Blunt anti-Semitic harassment and threats involving a toy gun compelled a British teen of Jewish descent to quit his high school in Berlin. The local Jewish community says the word “Jew” is steadily becoming part of profane language in German schools.
The story, initially reported by the Jewish Chronicle, involved a British teen named Philip (not his real name) and his classmates at Friedenauer Gemeinschaftsschule high school in Berlin.
Philip’s mother, Emma, said she and her husband were particularly attracted to the fact that Friedenauer school had a large portion of Arabic and Turkish students, making it diverse and multicultural.
But after Philip mentioned his Jewish descent to his classmates, one of them replied: “Listen, you are a cool dude but I can’t be friends with you, Jews are all murderers.”
Shortly after, things went from bad to worse. Philip “was attacked and almost strangled, and the guy pulled a toy gun on him that looked like a real gun. And the whole crowd of kids laughed. He was completely shaken,” his mother added.
“It was terrible,” Phillip himself said, “but I didn’t have time to think what’s happening at the time. Now when I look back, I think, oh my God.”
The school administration has filed a complaint against the alleged offender, its website says, according to German news outlet RP-Online. The school will take measures to call the youngster to order, the statement also said.
Up to 75 percent of children in German schools have a different mother tongue to that of German, according to data cited by Tagesspiegel. Many of those children come from Turkish or Arab families.
Anti-Semitic sentiments have been on the rise in Europe, to which Israel’s latest military operation in Gaza and Israeli Defense Force’s actions in the occupied Palestinian territories have been apparent contributions. Just recently the local Jewish Association in the Swedish city of Umea was closed after its building was painted with the phrase, “We know where you live,” and swastikas.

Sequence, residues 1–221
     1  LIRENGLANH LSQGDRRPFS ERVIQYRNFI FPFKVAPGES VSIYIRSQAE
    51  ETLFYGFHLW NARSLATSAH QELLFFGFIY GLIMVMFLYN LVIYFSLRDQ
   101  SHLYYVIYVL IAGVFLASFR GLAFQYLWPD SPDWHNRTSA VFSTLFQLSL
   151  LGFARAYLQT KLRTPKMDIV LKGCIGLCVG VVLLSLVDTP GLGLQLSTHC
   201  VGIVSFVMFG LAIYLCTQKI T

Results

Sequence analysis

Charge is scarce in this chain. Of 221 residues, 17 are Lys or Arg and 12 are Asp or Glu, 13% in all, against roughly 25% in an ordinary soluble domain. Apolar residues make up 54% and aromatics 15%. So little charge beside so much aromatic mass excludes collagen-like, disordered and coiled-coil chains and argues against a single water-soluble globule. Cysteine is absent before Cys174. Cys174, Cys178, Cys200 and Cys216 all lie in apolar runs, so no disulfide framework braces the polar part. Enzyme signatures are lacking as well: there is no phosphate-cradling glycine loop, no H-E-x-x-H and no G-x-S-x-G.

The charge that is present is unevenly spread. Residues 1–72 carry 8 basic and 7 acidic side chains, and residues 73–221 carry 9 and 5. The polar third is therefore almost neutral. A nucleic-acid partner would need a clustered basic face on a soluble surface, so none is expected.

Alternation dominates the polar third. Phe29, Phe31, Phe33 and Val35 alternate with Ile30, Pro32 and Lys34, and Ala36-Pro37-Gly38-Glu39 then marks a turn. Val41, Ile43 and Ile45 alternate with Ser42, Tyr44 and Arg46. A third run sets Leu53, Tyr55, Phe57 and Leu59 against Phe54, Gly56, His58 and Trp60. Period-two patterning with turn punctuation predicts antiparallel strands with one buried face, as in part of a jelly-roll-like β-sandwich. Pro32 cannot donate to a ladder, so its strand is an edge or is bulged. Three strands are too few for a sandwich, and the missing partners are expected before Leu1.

The association also received emails with threats, the organization’s spokeswoman said.
“Too many things have happened lately which mean that Jewish parents don’t feel safe having their kids at the schools. Our children shouldn’t live in a world where they have to be ashamed for what they are, but it’s not possible to operate if people are scared,” she said, according to local media.
A string of attacks targeting Jewish institutions and graveyards in Europe, including the fatal 2015 shooting outside a synagogue in Copenhagen, has led to the controversial call by Israeli Prime Minister Benjamin Netanyahu for European Jew to resettle in Israel.
Saying that “once again Jews are murdered on the soil of Europe just for being Jews,” Netanyahu said that his government was “preparing for a wave of mass aliya [Jewish immigration] from Europe; we are calling for a wave of mass aliya from Europe. I want to tell all the Jews of Europe, and Jews wherever they may be: ‘Israel is the home of every Jew… Israel awaits you with open arms.”
Netanyahu’s statement has drawn a critical rebuke from European officials, as well as some figures in the Jewish diaspora. Denmark’s chief rabbi, Jair Melchior, reacted with disappointment, adding, “Terror is not a reason to move to Israel.”
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